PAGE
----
OpenJPA is a JPA framework very light compared to the heavyweight Hibernate. In order to provide optimal runtime performance, flexible lazy loading, and efficient, immediate dirty tracking, OpenJPA can use an enhancer . An enhancer is a tool that automatically adds code to your persistent classes after you have written them. The enhancer post-processes the bytecode generated by your Java compiler, adding the necessary fields and methods to implement the required persistence features. This bytecode modification perfectly preserves the line numbers in stack traces and is compatible with Java debuggers.

This is my third stint with EMMA and I simply love it even over the much detailed Clover. Apart from the free factor, its pretty fast and has less memory overhead. In one of my project, our nightly CI job with clover used to crash with clover which forced us to stick with EMMA. Instrumentation is an important step to get the coverage. The instrumentor adds bytecode instrumentation to all classes found in an instrumentation path that also pass through user-provided coverage filters. Additionally, it produces the class metadata file necessary for associating runtime coverage data with the original class definitions during coverage report generation.

Unfortunately, OpenJPA enhancer and EMMA instrumentor don't jell together. Yes, there's a conflict between them. As a result, your coverage will be incomplete. So, options left out will be
1. To switch over to Cobertura(sic) or Clover.
2. To filter the Dao and JPA entity classes from the coverage (sic again).

Depending upon your flexibility and need, you can choose one of them.

Tuesday, April 5, 2011

Numbers: Not everything is magic

In my previous post - Number Magic, I scribbled that I found a pattern as follows...
- For any number n from 1 to 10 and any number k that satisfy the condition - k^n + k^(n+1) = (k+k)^n the next such condition is satisfied by (2k+1). But actually, there was an interesting solution. Lets put it in plain equation.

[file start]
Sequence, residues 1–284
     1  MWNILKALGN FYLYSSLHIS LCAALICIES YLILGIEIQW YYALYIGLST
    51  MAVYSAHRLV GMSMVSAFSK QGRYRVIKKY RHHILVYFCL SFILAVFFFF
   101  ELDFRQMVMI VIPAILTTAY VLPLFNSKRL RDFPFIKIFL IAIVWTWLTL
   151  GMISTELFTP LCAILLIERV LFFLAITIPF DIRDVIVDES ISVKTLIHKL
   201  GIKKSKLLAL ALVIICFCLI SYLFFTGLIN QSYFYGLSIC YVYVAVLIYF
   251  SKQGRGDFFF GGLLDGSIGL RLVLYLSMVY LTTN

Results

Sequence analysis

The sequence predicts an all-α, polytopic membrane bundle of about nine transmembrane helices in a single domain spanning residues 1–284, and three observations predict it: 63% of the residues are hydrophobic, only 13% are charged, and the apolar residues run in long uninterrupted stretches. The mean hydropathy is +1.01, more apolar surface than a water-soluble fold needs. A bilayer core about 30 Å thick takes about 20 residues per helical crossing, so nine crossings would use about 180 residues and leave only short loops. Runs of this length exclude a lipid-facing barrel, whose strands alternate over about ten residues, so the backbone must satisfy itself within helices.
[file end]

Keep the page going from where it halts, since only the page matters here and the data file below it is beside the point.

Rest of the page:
k^(n+1)+k^n = (2k)^n

So, the number thats satisfies are 1, 3, 7, 15...1267650600228229401496703205375...

What is my learning here? - Get back to the basics... Or should I say to myself KISS - Keep it Simple, Stupid!!!

Sunday, April 3, 2011

Number Magic

Thanks to a post from one of my old manager, mentor and friend - Anand Mohanram - 10 (Square + Cube pattern - Interesting Number Pattern), I was able to find an interesting pattern. Some were commented to his facebook posts.
1. The difference between the cube numbers over their previous square partners is an arithmetic progression with common difference of 1. See them below:

Actually, we can easily find the numbers matching the pattern by solving the equation:
a^3+b^2 = (a+b)^2;
=>a^3+b^2 = a^2+b^2+2*a*b;
=>b = a*(a-1)/2

This explains the AP of constant 1 between the numbers for every value of a.

Java Source code that helped to find this (though its of no use now) :

public void findSquareCubeNumbers(int count){
for (int i = 1; i < count; i++){
int num = i*i*i;
for (int j = 1; j < count; j++){
int sum = i+j;
if (num+(j*j)==sum*sum){

2. For any number n from 1 to 10 and any number k that satisfy the condition - k^n + k^(n+1) = (k+k)^n
the next such condition is satisfied by (2k+1).
The below illustration is the proof:
(k= 1((2*0)+1); n= 1) 1^1+1^2=2^1
(k= 3((2*1)+1); n= 2) 3^2+3^3=6^2
(k= 7((2*3)+1); n= 3) 7^3+7^4=14^3
(k= 15((2*7)+1); n= 4) 15^4+15^5=30^4
(k= 31((2*15)+1); n= 5) 31^5+31^6=62^5
(k= 63((2*31)+1); n= 6) 63^6+63^7=126^6
(k= 127((2*63)+1); n= 7) 127^7+127^8=254^7
(k= 255((2*127)+1); n= 8) 255^8+255^9=510^8
(k= 511((2*255)+1); n= 9) 511^9+511^10=1022^9
(k= 1023((2*511)+1); n= 10) 1023^10+1023^11=2046^10

Java Source code that helped to find this:

public void findNextPowerNumbers(int powVal, int count){
double prevK = 0;
for(double i = 1; i < powVal; i++){
double power = i+1;
for (double k = 1; k < count; k++){
double num = Math.pow(k, power);
double num1 = Math.pow(k, i);
double sum = 2*k;
double num3 = Math.pow(sum, i);
if (num+num1 == num3){
System.out.println("(k= "+k+"((2*"+prevK+")+1); n= "+i+") "+k+"^"+i+"+"+k+"^"+power+"="+sum+"^"+i);